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Discussion Starter #1
We all know the well shared examples of this immutable law. Toast landing butter side dow and the like. But I'm sure there are many examples of less often considered instances. For instance:

Whenever I put a measuring jug in the microwave, the timer always stops it with the handle facing away from the door.

What have you got?
 

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We have a knife in the kitchen that must have been used for some DIY and it has a bent cutting edge.
Regardless of the number of knives in the drawer, that is the one that always comes up when I need a knife from the drawer. There are 15 more in that drawer, but it's always that one.
And I can't get myself to throw it out...
 

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If the timer is electronic, the handle in the microwave thing might not be an application of Sod's Law if the platter rotation 1/2 matches the timer for the cooking periods you usually use.
 

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Discussion Starter #4
It becomes Sod's law though, when this occurs no matter what time is set.
 

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Putting the bins out at the top of the driveway.....

We have a blue top and a green top bin and they get collected on alternate weeks. I'm pretty good at remembering that I need to wheel the bin up to the top of the drive before going to bed on a tuesday evening - but I can never recall which one is due.

At this point double sods law kicks in:

1. You would think that one bin would be largely empty and the other very full - but sods law is that most weeks when I check they are both around half full for some reason

2. I only really know which is due by getting to the top of the drive and looking at the neighbours bins across the road (they amaze me with their witchcraft at knowing what bin goes out each week). However - in order not to waste a walk up to the top of the drive, I take a bin with me. Each week I am sure I pick the one I didn't do last week. Of course 9 times out of 10 - it's "sods law" wrong
 

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Discussion Starter #7
I suppose subjecting this to test would collapse the Sod field.
Quite.

It is possible that the small range of timer entries I use happen to coincide directly with multiples of the time taken for the plate to rotate plus one half turn.
But that in itself is rather sod-worthy.

Would either of these possibilities stop it from being Sod's law do you think?

1) The timer can only be set in 10 second increments. The design is poor such that it's always facing the same way it was when started at x:x5 timepoints.

2) As above - except this is not poor design, but a Machiavellian scheme by microwave manufacturers to encourage purchase of expensive microwaves which automatically rotate to the starting angle when cooking finishes.
 

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Discussion Starter #8
Putting the bins out at the top of the driveway.....

We have a blue top and a green top bin and they get collected on alternate weeks. I'm pretty good at remembering that I need to wheel the bin up to the top of the drive before going to bed on a tuesday evening - but I can never recall which one is due.

At this point double sods law kicks in:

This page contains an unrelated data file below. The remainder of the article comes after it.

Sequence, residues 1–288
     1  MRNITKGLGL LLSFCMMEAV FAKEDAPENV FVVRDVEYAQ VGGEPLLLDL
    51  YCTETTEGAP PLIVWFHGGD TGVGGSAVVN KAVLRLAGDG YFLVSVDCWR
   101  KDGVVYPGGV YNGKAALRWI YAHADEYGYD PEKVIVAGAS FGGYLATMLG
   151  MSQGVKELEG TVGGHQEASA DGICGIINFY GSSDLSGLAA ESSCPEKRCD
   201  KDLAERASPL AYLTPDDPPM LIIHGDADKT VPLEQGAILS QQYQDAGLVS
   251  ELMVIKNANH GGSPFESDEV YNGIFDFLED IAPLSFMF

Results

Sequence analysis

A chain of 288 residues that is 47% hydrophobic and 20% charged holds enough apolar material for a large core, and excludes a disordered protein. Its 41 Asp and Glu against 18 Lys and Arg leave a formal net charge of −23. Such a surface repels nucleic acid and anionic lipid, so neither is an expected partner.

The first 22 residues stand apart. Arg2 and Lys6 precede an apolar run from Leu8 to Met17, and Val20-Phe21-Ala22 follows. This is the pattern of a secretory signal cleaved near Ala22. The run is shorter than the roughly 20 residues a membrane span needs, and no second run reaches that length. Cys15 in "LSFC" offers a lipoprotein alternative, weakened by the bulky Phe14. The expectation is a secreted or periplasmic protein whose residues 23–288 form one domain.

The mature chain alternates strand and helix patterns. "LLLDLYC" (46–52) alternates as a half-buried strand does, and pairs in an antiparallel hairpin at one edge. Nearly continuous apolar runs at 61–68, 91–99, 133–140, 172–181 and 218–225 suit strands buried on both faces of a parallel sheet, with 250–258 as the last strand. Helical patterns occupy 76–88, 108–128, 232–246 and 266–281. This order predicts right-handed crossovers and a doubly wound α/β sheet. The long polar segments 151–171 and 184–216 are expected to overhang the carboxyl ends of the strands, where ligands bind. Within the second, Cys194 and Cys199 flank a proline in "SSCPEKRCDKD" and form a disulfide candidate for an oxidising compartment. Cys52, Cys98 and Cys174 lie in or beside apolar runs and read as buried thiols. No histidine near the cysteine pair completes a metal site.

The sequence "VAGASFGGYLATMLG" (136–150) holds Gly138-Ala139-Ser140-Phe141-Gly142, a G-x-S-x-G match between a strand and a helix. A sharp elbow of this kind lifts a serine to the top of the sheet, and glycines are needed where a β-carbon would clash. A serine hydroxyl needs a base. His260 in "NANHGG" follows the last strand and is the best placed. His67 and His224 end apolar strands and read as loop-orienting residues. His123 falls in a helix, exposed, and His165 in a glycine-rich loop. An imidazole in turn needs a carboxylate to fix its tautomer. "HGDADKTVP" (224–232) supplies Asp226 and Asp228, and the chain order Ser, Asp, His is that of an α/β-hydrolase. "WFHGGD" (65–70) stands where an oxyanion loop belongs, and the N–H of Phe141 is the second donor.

1. You would think that one bin would be largely empty and the other very full - but sods law is that most weeks when I check they are both around half full for some reason

2. I only really know which is due by getting to the top of the drive and looking at the neighbours bins across the road (they amaze me with their witchcraft at knowing what bin goes out each week). However - in order not to waste a walk up to the top of the drive, I take a bin with me. Each week I am sure I pick the one I didn't do last week. Of course 9 times out of 10 - it's "sods law" wrong
I like that. Of course, you are right. You have picked the one you didn't pick last week. But you were wrong then too... :D

On the same task, my bins have to be taken through a gate. If I wish the leave the gate open so I can get the other bin (on weeks where we put out recycling and garden) you can guarantee it will close behind me anyway. On the other hand, if I leave it open just because I wasn't thinking, our dogs will appear and follow me out of the obstinately open gate. (Not that it's much of an issue, we're tucked away and they've pretty good recall.)
 

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Picking a checkout at the supermarket. A quick glance at the items on the conveyor belt can give a visual indication to the best queue to join. Sod's law states that I should join the queue which, whilst on paper is quickest, is actually more time consuming than applying and receiving one's passport because the old dear at the front is telling the operator her life story. She's 82 you know!
 

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Quite.

It is possible that the small range of timer entries I use happen to coincide directly with multiples of the time taken for the plate to rotate plus one half turn.
But that in itself is rather sod-worthy.

Would either of these possibilities stop it from being Sod's law do you think?

1) The timer can only be set in 10 second increments. The design is poor such that it's always facing the same way it was when started at x:x5 timepoints.
I'm feeling a bit under the weather so I'm not convinced of my logic here, but it would seem to me that if the platter resulted in a half turn position after 10 seconds then it would also result in the original position after 20 seconds.

2) As above - except this is not poor design, but a Machiavellian scheme by microwave manufacturers to encourage purchase of expensive microwaves which automatically rotate to the starting angle when cooking finishes.
If your microwave is like ours, it periodically reverses the direction of the platter and this reversal could take the same time for it to revolve one half turn. If the machine calculates that the platter will be facing the original direction when the timer expires, it may be programmed to insert a direction reversal just to ensure your handle is facing away at the end. That would be evil.